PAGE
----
Women from around the world gathered in northwest Portugal this week to practise a traditional technique of deliberately burning land to prevent the kind of wildfires -- intensified by climate change -- that have killed hundreds across Europe.

In the hills above the Portuguese town of Paredes de Coura, women used drip torches to set fire to thorny patches of scrubland, creating grazing areas for livestock.

"What these women are learning here is essentially the use of traditional fire. The fire that our ancestors used to renew the pastures and also as a means of controlling combustible materials," says Cristina Azurara, northern regional coordinator for the Portuguese fire-management agency AGIF.

Wildfires killed more than 100 people in Portugal in 2017 and burned through hills covered in pine and eucalyptus trees. Across Europe, increasingly intense heatwaves have blackened thousands of acres of land over the past two years.


Deliberately burning land prevents fires and increases biodiversity / © AFP

Compared to wildfires, the so-called prescribed or controlled fires have a "smaller impact on the earth while creating greater biodiversity", says rural fire specialist and trainer Emmanuel Oliveira.

The technique identifies which trees to burn based on weather conditions, vegetation moisture and how well smoke disperses.

Some 40 firefighters and researchers came from 20 countries for Europe's first Women's Traditional Fire Training Exchange (WTREX), an initiative established in the United States in 2016.

- Growing women's roles -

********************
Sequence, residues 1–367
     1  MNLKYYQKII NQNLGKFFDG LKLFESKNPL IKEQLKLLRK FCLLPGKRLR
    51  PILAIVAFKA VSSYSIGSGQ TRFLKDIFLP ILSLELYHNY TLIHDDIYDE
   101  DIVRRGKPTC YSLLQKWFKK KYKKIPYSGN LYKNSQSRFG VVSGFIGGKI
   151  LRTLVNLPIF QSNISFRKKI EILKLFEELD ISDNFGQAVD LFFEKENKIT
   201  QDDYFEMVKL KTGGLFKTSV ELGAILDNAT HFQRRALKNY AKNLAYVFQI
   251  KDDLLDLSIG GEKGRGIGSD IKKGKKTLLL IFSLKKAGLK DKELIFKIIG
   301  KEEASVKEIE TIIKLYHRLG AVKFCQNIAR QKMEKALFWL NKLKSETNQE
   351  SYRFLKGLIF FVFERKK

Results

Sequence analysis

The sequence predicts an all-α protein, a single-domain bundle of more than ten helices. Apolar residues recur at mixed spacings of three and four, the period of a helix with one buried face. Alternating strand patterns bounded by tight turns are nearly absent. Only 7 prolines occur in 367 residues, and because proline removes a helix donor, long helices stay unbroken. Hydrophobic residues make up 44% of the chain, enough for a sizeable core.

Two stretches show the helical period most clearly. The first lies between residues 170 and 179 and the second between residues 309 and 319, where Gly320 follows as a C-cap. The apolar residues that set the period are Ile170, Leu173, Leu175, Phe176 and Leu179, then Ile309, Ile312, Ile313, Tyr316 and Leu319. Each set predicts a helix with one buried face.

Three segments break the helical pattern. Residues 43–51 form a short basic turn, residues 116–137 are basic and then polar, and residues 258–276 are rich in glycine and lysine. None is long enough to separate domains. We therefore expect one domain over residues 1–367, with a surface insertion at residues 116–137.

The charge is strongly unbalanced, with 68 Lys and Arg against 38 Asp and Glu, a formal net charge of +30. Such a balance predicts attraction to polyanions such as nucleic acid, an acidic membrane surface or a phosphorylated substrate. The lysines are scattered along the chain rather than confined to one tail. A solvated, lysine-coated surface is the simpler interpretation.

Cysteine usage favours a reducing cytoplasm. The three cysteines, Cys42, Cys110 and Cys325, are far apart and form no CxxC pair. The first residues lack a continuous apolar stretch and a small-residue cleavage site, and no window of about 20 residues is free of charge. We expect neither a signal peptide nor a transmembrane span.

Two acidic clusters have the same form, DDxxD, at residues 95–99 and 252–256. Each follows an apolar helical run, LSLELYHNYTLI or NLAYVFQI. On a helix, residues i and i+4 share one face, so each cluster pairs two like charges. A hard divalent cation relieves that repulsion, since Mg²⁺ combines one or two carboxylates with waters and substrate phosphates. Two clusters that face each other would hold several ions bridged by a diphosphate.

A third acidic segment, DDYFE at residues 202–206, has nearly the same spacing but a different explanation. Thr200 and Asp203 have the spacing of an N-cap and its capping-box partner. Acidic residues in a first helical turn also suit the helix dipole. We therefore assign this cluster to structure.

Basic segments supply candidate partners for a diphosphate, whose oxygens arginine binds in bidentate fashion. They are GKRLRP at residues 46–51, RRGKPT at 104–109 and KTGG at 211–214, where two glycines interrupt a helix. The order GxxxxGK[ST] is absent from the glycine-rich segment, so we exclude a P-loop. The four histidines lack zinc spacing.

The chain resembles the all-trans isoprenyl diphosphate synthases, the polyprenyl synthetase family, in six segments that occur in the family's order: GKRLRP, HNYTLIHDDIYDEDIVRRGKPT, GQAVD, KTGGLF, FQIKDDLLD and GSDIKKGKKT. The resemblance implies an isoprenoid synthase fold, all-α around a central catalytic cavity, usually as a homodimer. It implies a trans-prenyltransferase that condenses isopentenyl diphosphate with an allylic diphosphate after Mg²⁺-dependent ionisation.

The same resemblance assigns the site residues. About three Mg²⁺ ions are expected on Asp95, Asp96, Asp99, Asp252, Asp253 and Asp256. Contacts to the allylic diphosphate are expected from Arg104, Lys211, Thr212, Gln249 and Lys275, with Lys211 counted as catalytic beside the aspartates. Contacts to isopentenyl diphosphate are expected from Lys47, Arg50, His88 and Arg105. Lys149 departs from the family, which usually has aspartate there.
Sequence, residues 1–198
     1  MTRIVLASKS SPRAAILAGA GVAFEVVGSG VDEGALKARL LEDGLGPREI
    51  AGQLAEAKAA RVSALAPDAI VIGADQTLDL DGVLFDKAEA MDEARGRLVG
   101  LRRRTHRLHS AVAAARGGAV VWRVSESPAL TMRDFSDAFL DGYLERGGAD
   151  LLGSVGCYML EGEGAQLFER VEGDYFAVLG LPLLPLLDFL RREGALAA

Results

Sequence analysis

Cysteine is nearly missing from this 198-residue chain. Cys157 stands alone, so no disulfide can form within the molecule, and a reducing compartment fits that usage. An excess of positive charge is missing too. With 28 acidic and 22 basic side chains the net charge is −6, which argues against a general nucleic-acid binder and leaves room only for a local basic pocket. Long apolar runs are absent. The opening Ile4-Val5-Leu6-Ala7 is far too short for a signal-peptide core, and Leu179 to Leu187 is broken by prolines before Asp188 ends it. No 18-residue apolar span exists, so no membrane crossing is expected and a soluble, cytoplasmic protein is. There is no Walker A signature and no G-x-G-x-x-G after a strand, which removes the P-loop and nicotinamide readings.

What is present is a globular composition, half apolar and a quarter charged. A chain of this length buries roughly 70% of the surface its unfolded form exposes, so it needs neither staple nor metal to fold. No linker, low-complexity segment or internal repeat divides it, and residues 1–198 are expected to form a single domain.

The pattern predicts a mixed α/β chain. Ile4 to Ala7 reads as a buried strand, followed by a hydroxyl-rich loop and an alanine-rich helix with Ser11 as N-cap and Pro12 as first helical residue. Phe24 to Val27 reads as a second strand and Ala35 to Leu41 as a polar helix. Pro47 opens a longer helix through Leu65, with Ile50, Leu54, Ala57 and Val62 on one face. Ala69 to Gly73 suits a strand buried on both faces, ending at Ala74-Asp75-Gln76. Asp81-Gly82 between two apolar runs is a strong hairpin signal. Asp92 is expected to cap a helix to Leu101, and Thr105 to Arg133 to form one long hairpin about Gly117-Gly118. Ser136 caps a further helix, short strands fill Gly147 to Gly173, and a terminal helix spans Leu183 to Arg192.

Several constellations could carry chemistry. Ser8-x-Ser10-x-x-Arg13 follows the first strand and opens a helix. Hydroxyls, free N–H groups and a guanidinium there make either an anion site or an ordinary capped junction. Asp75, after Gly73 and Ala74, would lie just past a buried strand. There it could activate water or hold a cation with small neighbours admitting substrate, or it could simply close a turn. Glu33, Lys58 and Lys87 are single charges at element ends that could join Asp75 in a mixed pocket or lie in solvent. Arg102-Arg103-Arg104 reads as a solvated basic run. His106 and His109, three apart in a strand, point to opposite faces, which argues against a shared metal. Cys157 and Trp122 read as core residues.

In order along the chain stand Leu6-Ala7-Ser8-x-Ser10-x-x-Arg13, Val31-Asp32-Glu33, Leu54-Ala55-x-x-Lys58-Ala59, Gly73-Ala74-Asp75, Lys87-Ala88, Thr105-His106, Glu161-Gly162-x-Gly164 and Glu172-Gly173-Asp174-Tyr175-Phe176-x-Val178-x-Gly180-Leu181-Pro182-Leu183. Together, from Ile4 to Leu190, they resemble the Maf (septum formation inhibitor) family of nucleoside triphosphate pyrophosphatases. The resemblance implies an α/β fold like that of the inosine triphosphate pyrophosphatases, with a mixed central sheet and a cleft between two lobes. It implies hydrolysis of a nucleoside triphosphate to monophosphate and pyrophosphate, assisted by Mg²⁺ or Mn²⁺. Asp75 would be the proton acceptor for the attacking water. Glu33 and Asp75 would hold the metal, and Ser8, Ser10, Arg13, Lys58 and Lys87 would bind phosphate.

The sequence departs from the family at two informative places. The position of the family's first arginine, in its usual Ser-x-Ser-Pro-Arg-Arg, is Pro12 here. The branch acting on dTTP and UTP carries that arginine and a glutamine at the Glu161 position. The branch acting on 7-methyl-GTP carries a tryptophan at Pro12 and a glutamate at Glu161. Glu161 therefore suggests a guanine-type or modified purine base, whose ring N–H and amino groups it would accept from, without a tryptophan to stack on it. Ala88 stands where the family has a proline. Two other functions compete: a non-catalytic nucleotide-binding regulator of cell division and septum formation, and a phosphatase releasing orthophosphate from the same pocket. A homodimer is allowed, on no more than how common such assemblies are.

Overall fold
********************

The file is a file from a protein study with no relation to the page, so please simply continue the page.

WTREX also aims to increase the role of women in fire management, traditionally dominated by men.

"I come from a country where, for a long time, women were only allowed to work in confined spaces such as offices or in places that weren't outdoors," says Mexican student Laura Ponce, 39. "Here we are bringing about a change... and that's important."


Women from 40 countries network to prevent deadly wildfires / © AFP

The programme allows women to network and mentor each other, as well as providing practical training, says WTREX director Lenya Quinn-Davidson.

"It's a hard job to work in, especially if you don't fit the mould," Quinn-Davidson says, dressed in her yellow fireproof jacket and red helmet.


A deadly wildfire burned through Portugese hills covered in pine and eucalyptus trees in 2017 / © AFP

"But each time we host one of these events, someone comes forward and says, 'I want to do that where I live.' So last year we had events in South Africa, Canada, the US."

Australian firefighter Martine Parker, 41, chimes in: "Although we have good practices and lots of expertise, I think going international and in such a diverse group, I can gain more experience and knowledge."

This year the participants were hosted by the Portuguese government, which itself increased its investment in fire prevention ten-fold after the 2017 wildfire.

AGIF's data indicated it reduced the area burned by wildfires by a third between 2018 and 2022.